ThreatSense.Net® Report for July

Our July ThreatSense.Net® report has been released today, and will eventually be available from the Threat Center page here. Most of the top ten entries are old friends: well, familiar names might be a better way of putting it. One of the disadvantages of having a scanner that makes heavy use of advanced heuristics is that many of the most common detections don’t really map to single malware families the way that they do for companies that are more signature-oriented.

There are advantages, though, as we’ve discussed before, apart from the obvious (and important) advantage of proactive detection: it gives us more time to concentrate on processing detections rather than fussing with crossmatching samples to malware families, and it gives us a better picture of major threat trends, which we consider to be more useful. Unfortunately, some sectors of the media are still hung up on the minutiae of malware naming, which I don’t consider so important at a time when some sources are talking about collections of (much) more than 20 million individual samples. Hopefully they’ll catch up with the rest of us eventually…

Pierre-Marc and I presented a paper on the naming problem at Virus Bulletin last year, and I’ve developed the theme further in another conference paper that will be available on the white papers page in September.

As it happens, there aren’t a lot of surprises: the first few positions remain unchanged from June. However, Win32/TrojanDownloader.Bredolab.AA, despite a strong local showing in some countries, has dropped out of the worldwide top ten, while W32/FlyStudio is in at Number 5. FlyStudio is kind of interesting: it’s not exactly a malware family, but a development platform (a scripting language, to be more precise) much used in China. Unsurprisingly, the FlyStudio malware we’re seeing also seems to be targeting computer users in China, but is also being reported elsewhere, including North America. This may mean that it’s being deployed by another malware family.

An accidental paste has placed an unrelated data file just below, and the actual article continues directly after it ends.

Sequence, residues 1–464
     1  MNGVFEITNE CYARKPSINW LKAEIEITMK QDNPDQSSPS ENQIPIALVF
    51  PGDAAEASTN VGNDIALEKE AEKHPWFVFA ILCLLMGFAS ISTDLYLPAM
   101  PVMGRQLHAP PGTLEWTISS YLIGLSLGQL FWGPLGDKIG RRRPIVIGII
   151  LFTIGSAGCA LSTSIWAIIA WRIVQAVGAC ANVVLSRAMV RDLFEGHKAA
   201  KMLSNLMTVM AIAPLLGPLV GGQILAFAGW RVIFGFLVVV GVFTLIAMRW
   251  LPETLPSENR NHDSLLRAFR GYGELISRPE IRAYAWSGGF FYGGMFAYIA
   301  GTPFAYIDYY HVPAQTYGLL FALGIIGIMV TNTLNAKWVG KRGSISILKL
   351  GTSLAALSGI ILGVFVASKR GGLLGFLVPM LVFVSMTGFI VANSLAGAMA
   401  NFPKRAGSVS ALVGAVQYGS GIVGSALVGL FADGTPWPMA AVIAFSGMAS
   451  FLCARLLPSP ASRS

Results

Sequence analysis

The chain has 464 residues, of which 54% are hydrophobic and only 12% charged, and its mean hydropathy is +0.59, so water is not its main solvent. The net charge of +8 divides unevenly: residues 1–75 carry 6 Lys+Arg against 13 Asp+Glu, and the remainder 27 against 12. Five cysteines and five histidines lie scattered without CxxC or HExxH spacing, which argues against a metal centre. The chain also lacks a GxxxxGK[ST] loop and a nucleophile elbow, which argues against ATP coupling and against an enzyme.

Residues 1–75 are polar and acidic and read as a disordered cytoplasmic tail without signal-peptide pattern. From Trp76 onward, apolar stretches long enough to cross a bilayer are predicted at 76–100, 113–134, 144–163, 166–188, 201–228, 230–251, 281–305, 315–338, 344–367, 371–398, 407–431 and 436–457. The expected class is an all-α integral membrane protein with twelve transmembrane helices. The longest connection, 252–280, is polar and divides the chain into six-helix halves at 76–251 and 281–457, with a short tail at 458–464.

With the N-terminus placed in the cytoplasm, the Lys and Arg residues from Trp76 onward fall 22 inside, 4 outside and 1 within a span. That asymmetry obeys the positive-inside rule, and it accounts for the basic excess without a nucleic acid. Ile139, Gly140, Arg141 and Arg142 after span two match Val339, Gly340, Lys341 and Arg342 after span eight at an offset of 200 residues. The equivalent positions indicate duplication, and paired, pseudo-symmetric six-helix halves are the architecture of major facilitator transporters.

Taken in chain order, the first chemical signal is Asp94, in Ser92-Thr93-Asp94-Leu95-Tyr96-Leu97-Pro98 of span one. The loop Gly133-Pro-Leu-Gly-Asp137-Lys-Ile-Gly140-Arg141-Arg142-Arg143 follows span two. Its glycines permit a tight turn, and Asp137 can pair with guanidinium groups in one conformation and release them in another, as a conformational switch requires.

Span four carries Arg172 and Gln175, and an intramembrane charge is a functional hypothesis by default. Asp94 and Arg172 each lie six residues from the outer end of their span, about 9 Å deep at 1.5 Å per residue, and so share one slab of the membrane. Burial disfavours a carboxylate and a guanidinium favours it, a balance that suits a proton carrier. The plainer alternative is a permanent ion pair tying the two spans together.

Elsewhere in the top ten section, we’ve updated some of the descriptions. Over the lifetime of a threat family, there are often substantial changes in the way the malware works, or in our understanding of it as more variants appear and more information becomes available. And, as usual, we’ve included some notes on other issues that have been addressed recently by the labs and/or the Research team, including:

  • Adobe and Microsoft patching issues
  • Twitter and Facebook problems
  • A little about AMTSO
  • Some white papers that are about to appear
  • Waledec and the Dewey Effect
  • ESET in Europe’s initiative on safe wi-fi.

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Author David Harley, ESET

  • just to clear something up – the number of samples is orthogonal to the malware naming problem because you don’t name samples. you name families, you give variants within those families IDs, and you make darn sure that every sample of a particular variant is detected.

    at least that was the tradition before. i think it’s still true that you don’t name samples, but different families can be used in the same malware campaign and those also get names if i’m not mistaken.

  • A detection label is -not- the same as a malware/malware family name, and the broader the heuristic, the more malware families it’s likely to correspond to. More often than not, it tells you more about the detection algorithm than the relationship between samples or families. But that -is- directly related to the glut issue. It’s bad enough trying to keep ahead of the curve on detection without spending too much time on making sure it has the right family name.

    I don’t think the term variant means much any more. It certainly doesn’t mean that every sample that’s identified by a single variant name -or- detection label is identical, even once it’s unpacked so that you’re comparing base code.

  • ah, so it was unclear enough that i didn’t even realize what kind of naming you were originally talking about and thus clearing things up had to fall to you.

    what a scanner identifies a sample as does have diagnostic value when it comes to recovery but we hope to avoid reaching that point.

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